Sportavia MS-75

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The motor glider Sportavia MS-75 was an aircraft development that Sportavia-Pützer had pursued since 1973 .


With the Pützer MS-60 , Alfons Pützer realized a motor glider design optimized for the needs of sailing and touring pilots at the beginning of the 1960s , but on its series production Pützer against the background of the beginning collaboration with René Fournier and Antoine d'Assche for the benefit of the Fournier RF-4 and Fournier RF-5 waived. Since René Fournier had cruising in focus when designing these aircraft, the machines proved difficult to market in glider pilot circles. At Sportavia-Pützer, derivatives were then created for this customer group, such as the SFS 31 “Milan” disc or the Fournier RF-5B “Sperber”.

With the beginning of the separation of Fournier and Pützer, Alfons Pützer took up his original MS-60 development again and had the design modernized by Helmut Schrecker in 1973 under the name Sportavia MS-75. After an extensive analysis of the market for two-seater motor gliders, Schrecker designed a completely new low- wing aircraft with a pitch propeller at the tip of the fuselage and two pilot seats arranged side by side. The 72 hp Limbach SL-1700, known from RF aircraft, was used as the drive, which was integrated in the fuselage in front of the cabin. The wings were made of GRP wood sandwich construction , which made fewer demands on the surface quality of the negative form. The retractable landing gear was in the retracted state between the two pilots.

Further development as MS-75-II or MS-II

The original design by Helmut Schrecker was fundamentally revised several times until 1976. A last known design from June 1976 by Alfons Pützer and Erich Ufer is called the MS-II motor glider. This design is based more closely on the original Pützer MS-60. The motor is located behind the cabin and drives two folding propellers arranged on the wing tip edges, as in the MS-60. In order to achieve the necessary ground clearance for the propeller, the original low-wing approach by Schrecker was converted back into a shoulder- wing construction. The resulting disruptive influences on the horizontal stabilizer of the tail unit were eliminated by using a T-tail unit.

For the American market, Ufer and Pützer envisaged alternative engines for the MS-II, which would have enabled the FAA to approve it as a powered aircraft in the USA . Among other things, an 80 PS Sportavia Limbach SL2300D with twin igniter and a 108 PS Lycoming O235 engine were planned. In the purely powered aircraft variant, a shortened wing of 14 m was provided. The maximum take-off weight for the MS-II with O235 engine was 820 kg with a payload of 280 kg.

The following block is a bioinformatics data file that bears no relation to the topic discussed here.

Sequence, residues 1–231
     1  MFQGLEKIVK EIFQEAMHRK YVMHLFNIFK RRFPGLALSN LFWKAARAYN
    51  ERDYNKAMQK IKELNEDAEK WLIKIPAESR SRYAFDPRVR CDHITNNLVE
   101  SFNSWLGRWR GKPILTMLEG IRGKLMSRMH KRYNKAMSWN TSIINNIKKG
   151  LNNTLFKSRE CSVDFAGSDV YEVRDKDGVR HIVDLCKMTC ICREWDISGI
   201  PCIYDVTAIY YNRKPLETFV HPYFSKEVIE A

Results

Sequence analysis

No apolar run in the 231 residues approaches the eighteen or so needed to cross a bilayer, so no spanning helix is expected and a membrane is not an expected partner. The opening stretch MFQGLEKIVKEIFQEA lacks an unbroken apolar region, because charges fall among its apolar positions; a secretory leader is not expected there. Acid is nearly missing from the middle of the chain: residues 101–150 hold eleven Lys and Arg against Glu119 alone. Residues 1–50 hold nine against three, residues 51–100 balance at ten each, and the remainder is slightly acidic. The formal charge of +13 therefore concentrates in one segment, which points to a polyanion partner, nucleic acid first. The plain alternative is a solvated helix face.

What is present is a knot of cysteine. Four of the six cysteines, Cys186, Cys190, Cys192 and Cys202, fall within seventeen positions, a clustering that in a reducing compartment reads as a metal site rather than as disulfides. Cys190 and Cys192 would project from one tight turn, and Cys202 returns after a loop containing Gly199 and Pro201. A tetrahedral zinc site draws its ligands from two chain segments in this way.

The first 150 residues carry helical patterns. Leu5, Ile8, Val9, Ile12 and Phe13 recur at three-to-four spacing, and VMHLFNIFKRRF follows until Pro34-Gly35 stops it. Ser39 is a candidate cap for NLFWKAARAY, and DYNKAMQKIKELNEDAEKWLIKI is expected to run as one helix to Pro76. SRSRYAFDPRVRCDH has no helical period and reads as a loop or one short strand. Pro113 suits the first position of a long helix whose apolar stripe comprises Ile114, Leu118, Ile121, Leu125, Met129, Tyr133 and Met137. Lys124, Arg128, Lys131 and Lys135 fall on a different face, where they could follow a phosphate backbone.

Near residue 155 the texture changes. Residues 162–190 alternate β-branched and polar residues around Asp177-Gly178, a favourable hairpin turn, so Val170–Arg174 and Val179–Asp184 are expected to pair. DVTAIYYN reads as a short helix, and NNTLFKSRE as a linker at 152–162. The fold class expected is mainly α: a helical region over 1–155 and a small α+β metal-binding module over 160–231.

With the departure of Alfons Pützer and the subsequent decision to discontinue motor glider construction at Sportavia-Pützer, the development of the Sportavia MS-75 ended in early 1977. A prototype was no longer built.

Bank of the Moself

There is another project sketch by Erich Ufer from June 1990, which shows the long-range motor glider "Moself". This 8.50 m long shoulder-wing monoplane also used the folding propellers provided by Pützer for the MS-60 and MS-II on the wing tip edge. However, Ufer planned a separate motor for each propeller. Either 15 m or 22 m spans were provided as wings, which were constructed in three parts with a central wing center section. The outer wings were foldable. The "Moself" had retractable main landing gear and support wheels, as well as a steerable nose wheel. As with the MS-75, a T-tail unit was also planned for the “Moself”.

With two engines, the "Moself" could also be used as a four-seat aircraft. Obviously the banks had already in 1990 the admission issue with the Federal Aviation Authority discussed and recorded in a marginal note that the Office of the approval rejects as a motor glider for a twin-engine airplane. The "Moself" was also not built and seems to represent the last stage of development of the motor glider developments pursued by Ufer and Pützer since 1958, from the MS-60 to the MS-75 and MS-II to the "Moself".

Technical specifications

Parameter MS-75 (1973) MS-II (1976) Moself (1990)
Crew and passengers 2 2 2-4
length 8.00 m 8.00 m 8.50 m
span 18.40 m 15.00 m 15 m / 22 m
height 1.80 m
Wing area 20.00 m² 17.55 m²
Wing extension 16.2 12.8
Glide ratio
Slightest sinking
payload 190 kg 250 kg
Empty mass 490 kg 485 kg
Max. Takeoff mass 680 kg 730 kg
Cruising speed
Top speed
Service ceiling
Engines 1–2 × Limbach SL1700, each 72 PS (53 kW)

See also


Web links

Individual evidence

  1. ^ Paul Zöller: Fournier aircraft. 2017, ISBN 978-3-7460-4864-2
  2. Sportavia-Pützer, MS-75 motor glider , design documents by Helmut Schrecker, May 1973
  3. Alfons Pützer homepage
  4. ^ Paul Zöller, Hanns-Jakob Pützer: Pützer aircraft. Dec. 2018, ISBN 978-3-7481-2096-4
  5. Erich Ufer, project sketch Moself , June 1990